Well, that was a hard day… sun rain, sleet, wind, sun, rain, more rain…
and fortunately the folks from AOC archaeology came along to help… though I have reason to believe that one person will be coming next weekend.. :) won’t you Gilrean?
opened up Tr 1 the glasshouse tench… er…. nuffink so far! (thanks Midlothian YAC)
opened Tr 3 the garden feature … um… stoney ground…
geofizz in the upper fields… er… nothing
the Detectorists … something! though not that much… but we did get something.. including my fave.. a gun money coin.. Gunmoney is a token coinage issued by James during his Irish campaigns against William III (William of Orange). The coins are made from brass which was salvaged from many sources including church bells, but probably not cannons – from which the name derives.
Gunmoney was a token issue and the intention to redeem it with silver coin following James’s success – the coins (except the crowns) are dated by month as well as year – this was to facilitate the orderly redemption of the brass coinage. As we are aware .. things did not go exactly to plan!
One problem facing James was lack of funds to support the army he headed. James established mints at Dublin and Limerick and issued a token coinage consisting of Crowns, Halfcrowns, Shillings, and sixpence. These were struck in 1689 and 1690, bearing not only the year but also the month of manufacture. The coins were to be redeemed by his followers in Sterling, and with interest, when he re-took the throne. The month placed on the “coins” was to aid him in knowing how long the piece had been held, and what to pay.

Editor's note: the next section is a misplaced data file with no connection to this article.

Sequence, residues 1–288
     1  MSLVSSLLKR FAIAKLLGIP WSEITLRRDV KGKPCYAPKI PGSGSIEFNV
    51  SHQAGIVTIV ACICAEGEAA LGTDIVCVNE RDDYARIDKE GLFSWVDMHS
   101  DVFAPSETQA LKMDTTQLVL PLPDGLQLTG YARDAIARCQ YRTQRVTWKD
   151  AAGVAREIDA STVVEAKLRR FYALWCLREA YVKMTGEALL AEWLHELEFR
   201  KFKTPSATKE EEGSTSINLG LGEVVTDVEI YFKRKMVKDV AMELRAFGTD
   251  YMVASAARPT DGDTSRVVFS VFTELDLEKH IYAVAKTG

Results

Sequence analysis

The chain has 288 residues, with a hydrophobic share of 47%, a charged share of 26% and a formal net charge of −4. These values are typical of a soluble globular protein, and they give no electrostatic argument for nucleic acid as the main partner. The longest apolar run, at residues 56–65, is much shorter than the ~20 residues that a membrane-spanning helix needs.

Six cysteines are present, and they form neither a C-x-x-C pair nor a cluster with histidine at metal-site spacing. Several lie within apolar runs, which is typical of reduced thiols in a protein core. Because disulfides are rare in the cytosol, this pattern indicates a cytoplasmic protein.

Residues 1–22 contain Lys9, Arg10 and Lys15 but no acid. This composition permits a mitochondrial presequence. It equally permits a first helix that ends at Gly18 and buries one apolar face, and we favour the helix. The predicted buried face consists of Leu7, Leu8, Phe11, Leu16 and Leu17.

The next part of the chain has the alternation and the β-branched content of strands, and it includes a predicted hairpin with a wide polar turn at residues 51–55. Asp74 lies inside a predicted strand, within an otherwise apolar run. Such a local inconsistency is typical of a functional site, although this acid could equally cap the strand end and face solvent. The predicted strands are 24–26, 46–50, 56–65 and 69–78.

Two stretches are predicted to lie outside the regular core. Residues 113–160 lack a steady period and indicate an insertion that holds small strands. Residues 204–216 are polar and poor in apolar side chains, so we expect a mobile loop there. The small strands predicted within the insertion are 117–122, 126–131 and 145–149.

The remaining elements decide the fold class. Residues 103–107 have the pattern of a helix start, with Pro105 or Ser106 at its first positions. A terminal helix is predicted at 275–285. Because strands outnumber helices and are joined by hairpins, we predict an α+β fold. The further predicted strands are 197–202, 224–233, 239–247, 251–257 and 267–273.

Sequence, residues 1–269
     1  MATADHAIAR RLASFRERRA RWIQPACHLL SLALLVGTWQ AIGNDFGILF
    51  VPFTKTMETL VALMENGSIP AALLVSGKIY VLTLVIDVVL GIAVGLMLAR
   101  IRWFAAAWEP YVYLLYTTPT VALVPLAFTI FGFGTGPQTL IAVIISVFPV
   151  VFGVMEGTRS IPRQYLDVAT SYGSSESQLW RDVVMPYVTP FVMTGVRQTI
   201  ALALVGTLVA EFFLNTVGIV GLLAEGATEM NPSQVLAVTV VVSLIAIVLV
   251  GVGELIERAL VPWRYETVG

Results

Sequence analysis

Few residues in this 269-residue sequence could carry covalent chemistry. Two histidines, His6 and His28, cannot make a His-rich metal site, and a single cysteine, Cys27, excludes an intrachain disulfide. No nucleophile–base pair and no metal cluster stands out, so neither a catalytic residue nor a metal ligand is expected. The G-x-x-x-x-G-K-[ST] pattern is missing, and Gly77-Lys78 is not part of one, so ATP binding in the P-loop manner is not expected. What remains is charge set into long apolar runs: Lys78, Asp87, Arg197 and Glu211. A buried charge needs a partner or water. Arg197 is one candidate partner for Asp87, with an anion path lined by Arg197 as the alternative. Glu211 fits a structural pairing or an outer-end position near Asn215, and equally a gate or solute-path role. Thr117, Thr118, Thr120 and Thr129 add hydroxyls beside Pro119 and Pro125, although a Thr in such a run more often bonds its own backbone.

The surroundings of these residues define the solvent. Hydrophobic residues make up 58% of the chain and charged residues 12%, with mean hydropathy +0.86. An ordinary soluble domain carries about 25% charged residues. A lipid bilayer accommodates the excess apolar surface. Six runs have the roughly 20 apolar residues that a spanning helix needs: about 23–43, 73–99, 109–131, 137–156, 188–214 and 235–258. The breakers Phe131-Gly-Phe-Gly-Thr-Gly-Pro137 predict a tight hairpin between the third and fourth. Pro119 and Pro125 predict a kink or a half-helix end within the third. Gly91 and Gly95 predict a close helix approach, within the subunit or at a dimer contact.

They were first struck from metal obtained from obsolete field cannons, thus the term “Gunmoney” – though any metal he could get was fair game, and many were struck using bells, cooking pots, pans, and scrap. Later issues were reduced in size because of this shortage, and many pieces were overstruck on other tokens and coins, as well as struck in pewter – this latter being quite rare today.
The calendar in use at the time was what is called “old style” – or OS – where the new year started on March 26th. Thus, the tokens struck in March 1689 and those struck in March 1690 were actually struck in the same month.
William, installed on the throne of England as William III, invaded Ireland and defeated James at the Battle of Boyne River. He seized the mint at Dublin, eventually demonetizing the token coinage in 1691. The mint at Limerick held out for James well into 1691, and continued to coin “Gunmoney” in its smaller forms until late that year. James fled to France, and died there in exile.